Blacktip reef sharks are regularly caught by inshore fisheries and are vulnerable to depletion because of their small litter sizes and long gestation periods. Traumatogenic. May become aggressive to spear fishers and are reported to bite people wading in shallow water. Generally marketed fresh (as fillet), may be dried, salted, smoked or frozen. Fins are valued for shark-fin soup; a market that is decimating shark populations worldwide. They are also sought for their liver as source of oil.
Most observed displays by grey reef sharks have been in response to a diver (or submersible) approaching and following it from a few meters behind and above. They also perform the display towards moray eels, and in one instance towards a much larger great hammerhead (which subsequently withdrew). However, they have never been seen performing threat displays towards each other. This suggests the display is primarily a response to potential threats (i.e. predators) rather than competitors. As grey reef sharks are not territorial, they are speculated to be defending a critical volume of "personal space" around themselves. Compared to sharks from French Polynesia or Micronesia, grey reef sharks from the Indian Ocean and western Pacific are not as aggressive and less given to displaying.[3]
In older literature, the scientific name of this species was often given as C. menisorrah.[5] The blacktail reef shark (C. wheeleri), native to the western Indian Ocean, is now regarded as the same species as the grey reef shark by most authors. It was originally distinguished from the grey reef shark by a white tip on the first dorsal fin, a shorter snout, and one fewer upper tooth row on each side.[6] Based on morphological characters, vertebral counts, and tooth shapes, Garrick (1982) concluded the grey reef shark is most closely related to the silvertip shark (C. albimarginatus).[7] This interpretation was supported by a 1992 allozyme phylogenetic analysis by Lavery.[8]
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The Caribbean reef shark infrequently attacks humans. In general, a shark attack on a human is behaviorally similar to an attack upon natural prey. A human is more susceptible to being attacked if the shark is cornered and feels that there is no escape route. In situations like these, the shark may rake the victim during the attack resulting in lacerations.
Although there are no active reef shark fisheries in the US Pacific, the reef sharks' disappearance could be caused by recreational fishing or illegal shark finning, which, combined, kill 26 million to 73 million sharks each year. Another possible explanation is that the reef sharks are starving. Their food sources, including coral reef fishes, are decreasing in number because of habitat destruction and human exploitation, and could be taking the sharks with them.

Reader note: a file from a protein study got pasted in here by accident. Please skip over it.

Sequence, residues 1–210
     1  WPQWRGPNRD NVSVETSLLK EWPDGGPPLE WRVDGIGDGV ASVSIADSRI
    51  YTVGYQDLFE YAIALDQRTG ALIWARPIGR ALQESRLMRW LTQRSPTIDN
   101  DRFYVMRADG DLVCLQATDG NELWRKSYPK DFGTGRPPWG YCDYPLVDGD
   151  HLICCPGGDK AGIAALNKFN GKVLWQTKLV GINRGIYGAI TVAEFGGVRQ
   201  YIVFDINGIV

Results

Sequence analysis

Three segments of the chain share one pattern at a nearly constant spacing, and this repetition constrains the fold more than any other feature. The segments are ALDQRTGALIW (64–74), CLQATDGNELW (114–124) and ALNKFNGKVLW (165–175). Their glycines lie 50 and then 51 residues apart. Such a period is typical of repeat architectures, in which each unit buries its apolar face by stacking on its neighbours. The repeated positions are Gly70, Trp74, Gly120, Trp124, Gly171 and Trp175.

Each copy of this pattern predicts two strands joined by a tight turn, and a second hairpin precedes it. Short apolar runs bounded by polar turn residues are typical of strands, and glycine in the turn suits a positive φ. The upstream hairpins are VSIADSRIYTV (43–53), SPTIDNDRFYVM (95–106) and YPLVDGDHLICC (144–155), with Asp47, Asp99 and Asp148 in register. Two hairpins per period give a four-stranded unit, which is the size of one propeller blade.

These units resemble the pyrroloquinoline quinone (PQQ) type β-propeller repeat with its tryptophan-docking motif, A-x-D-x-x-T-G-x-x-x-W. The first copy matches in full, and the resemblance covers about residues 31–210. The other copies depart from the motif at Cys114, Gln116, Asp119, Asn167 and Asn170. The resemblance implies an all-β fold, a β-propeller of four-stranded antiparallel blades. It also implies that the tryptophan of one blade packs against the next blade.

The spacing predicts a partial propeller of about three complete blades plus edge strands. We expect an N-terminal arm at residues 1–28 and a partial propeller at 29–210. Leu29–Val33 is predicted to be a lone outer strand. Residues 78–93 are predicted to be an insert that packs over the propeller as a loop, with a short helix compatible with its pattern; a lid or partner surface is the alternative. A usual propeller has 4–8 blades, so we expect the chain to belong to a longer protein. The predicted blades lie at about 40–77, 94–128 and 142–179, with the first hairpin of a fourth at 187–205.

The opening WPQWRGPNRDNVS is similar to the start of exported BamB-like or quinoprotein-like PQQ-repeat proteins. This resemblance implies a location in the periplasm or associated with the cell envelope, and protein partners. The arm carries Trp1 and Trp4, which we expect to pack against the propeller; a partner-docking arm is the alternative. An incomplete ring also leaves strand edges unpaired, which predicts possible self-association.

Measuring up to 3 m (9.8 ft) long, the Caribbean reef shark is one of the largest apex predators in the reef ecosystem, feeding on a variety of fishes and cephalopods. They have been documented resting motionless on the sea bottom or inside caves, unusual behavior for an active-swimming shark. If threatened, it may perform a threat display in which it frequently changes direction and dips its pectoral fins. Like other requiem sharks, it is viviparous with females giving birth to 4–6 young every other year. Caribbean reef sharks are of some importance to fisheries as a source of meat, leather, liver oil, and fishmeal, but recently they have become more valuable as an ecotourist attraction. In the Bahamas and elsewhere, bait is used to attract them to groups of divers in controversial "shark feedings". This species is responsible for a small number of attacks on humans. The shark attacks usually happen in spring and summer.

The Caribbean Reef Shark is known to be relatively passive and typically doesn’t pose much of a threat to scuba divers, snorklers, swimmers, or other humans it comes into contact with. They actually tend to avoid human interaction entirely. As per theInternational Shark Attack Files, there have been 27 attacks documented since 1960, of which none have been fatal. Of those attacks, it’s believe that 4 of them were caused because the shark mistakenly thought the person was a food source. The rest of the attacks were provoked attacks such as sharks caught in fishing equipment biting the fisherman.
The grey reef shark (Carcharhinus amblyrhynchos, sometimes misspelled amblyrhynchus or amblyrhinchos)[2] is a species of requiem shark, in the family Carcharhinidae. One of the most common reef sharks in the Indo-Pacific, it is found as far east as Easter Island and as far west as South Africa. This species is most often seen in shallow water near the drop-offs of coral reefs. The grey reef shark has the typical "reef shark" shape, with a broad, round snout and large eyes. This species can be distinguished from similar species by the plain or white-tipped first dorsal fin, the dark tips on the other fins, the broad, black rear margin on the tail fin, and the lack of a ridge between the dorsal fins. Most individuals are less than 1.9 m (6.2 ft) long.
Off Enewetak, grey reef sharks exhibit different social behaviors on different parts of the reef. Sharks tend to be solitary on shallower reefs and pinnacles. Near reef drop-offs, loose aggregations of five to 20 sharks form in the morning and grow in number throughout the day before dispersing at night. In level areas, sharks form polarized schools (all swimming in the same direction) of around 30 individuals near the sea bottom, arranging themselves parallel to each other or slowly swimming in circles. Most individuals within polarized schools are females, and the formation of these schools has been theorized to relate to mating or pupping.[25][26]
The Caribbean reef shark is found throughout tropical waters, particularly in the Caribbean Sea. This shark’s range includes Florida, Bermuda, the northern Gulf of Mexico, Yucatan, Cuba, Jamaica, Bahamas, Mexico, Puerto Rico, Colombia, Venezuela, and Brazil. It is one of the most abundant sharks around the Bahamas and the Antilles. Although Caribbean reef sharks are found near reefs in southern Florida, surveys using long-line gear off the east coast of Florida reveal that Caribbean reef sharks are extremely rare north of the Florida Keys.